Moving with children after a divorce can become a very complicated endeavor. This isn’t to say that it’s impossible. But it’s important to carefully look into all of your legal obligations and make sure you take the right steps first.
After all, you likely have a co-parenting plan and a child custody arrangement with your ex. If the two of you are sharing access to the children, then you cannot violate this court order. In fact, those who do violate their order may run the risk of having their custody rights taken away by the court.
Does this mean you can’t move?
Some people interpret the reality of being subject to custody restrictions and/or the terms of a parenting plan as essentially telling them that they cannot move any substantial distance. Even just moving a few hours away – let alone to another state – could make exchanging the children on the schedule determined in the co-parenting plan impossible.
But this doesn’t mean that a modification to a custody order and/or parenting plan is impossible. You will either need to secure your co-parent’s consent to seek an uncontested modification or you’ll need to file a contested modification request with the court. When you do so, a judge may ask you why you want to move, and they will need to see good faith reasons that illustrate you’re not doing this intentionally to limit your ex’s access to the kids.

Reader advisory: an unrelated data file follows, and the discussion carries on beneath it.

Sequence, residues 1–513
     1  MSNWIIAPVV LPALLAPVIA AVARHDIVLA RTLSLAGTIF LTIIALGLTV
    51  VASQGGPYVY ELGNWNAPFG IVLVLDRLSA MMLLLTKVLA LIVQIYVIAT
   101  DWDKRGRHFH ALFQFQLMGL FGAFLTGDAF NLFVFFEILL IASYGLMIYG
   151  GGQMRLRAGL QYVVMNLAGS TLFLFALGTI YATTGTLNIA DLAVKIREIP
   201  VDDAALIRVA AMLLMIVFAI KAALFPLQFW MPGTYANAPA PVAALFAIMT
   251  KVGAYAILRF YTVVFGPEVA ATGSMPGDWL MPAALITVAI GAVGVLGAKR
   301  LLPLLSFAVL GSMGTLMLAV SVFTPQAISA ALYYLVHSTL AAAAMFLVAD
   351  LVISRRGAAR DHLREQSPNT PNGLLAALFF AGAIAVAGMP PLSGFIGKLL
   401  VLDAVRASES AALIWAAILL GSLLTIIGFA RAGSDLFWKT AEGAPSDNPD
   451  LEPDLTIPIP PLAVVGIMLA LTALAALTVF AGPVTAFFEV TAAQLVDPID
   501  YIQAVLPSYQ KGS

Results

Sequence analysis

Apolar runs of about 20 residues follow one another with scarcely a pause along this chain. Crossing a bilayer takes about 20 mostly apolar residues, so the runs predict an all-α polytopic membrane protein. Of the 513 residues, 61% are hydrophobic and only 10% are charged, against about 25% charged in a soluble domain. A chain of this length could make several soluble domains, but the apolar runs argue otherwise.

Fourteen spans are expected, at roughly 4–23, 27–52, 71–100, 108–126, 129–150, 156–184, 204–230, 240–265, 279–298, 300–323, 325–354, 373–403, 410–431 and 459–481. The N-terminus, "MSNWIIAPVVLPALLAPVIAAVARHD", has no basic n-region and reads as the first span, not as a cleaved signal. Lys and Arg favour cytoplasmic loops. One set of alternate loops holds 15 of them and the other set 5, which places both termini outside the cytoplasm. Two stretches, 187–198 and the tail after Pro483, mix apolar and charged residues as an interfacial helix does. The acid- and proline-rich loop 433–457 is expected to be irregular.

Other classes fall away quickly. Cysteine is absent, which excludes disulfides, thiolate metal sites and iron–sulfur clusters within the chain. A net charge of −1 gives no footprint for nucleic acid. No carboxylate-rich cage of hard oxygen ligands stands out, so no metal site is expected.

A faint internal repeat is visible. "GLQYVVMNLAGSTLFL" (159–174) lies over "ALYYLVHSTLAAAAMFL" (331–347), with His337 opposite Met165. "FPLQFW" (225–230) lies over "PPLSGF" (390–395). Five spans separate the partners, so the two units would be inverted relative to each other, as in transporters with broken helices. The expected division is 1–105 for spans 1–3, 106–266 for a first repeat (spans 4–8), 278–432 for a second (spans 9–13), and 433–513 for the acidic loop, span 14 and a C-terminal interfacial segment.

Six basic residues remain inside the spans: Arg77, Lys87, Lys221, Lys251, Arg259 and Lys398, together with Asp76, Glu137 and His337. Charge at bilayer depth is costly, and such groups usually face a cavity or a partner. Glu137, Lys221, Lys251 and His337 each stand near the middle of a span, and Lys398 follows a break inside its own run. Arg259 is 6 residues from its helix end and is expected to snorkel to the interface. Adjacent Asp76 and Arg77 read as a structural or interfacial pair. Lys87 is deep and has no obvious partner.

There are a wide variety of potential reasons the court will consider, as every situation is unique. For example, maybe you need more help raising the children now that you’ve gotten divorced, so you want to move closer to extended family members. Or maybe you need to earn more money now that you’re down to one income, so you want to take a job that was offered in another city. A third example could be if you are just moving due to factors that could benefit you and your child, such as improving your education or looking for a lower cost of living.
Taking steps in the proper order
As long as it is justified, the court may be willing to make a modification that allows you to move without compromising your rights to keep your kids with you. Just remember to do things in the proper order. Never move or violate an order without first getting a modification approved. If you’re thinking about moving and you co-parent, be sure you understand exactly what legal steps you will need to take by seeking legal guidance as proactively as possible.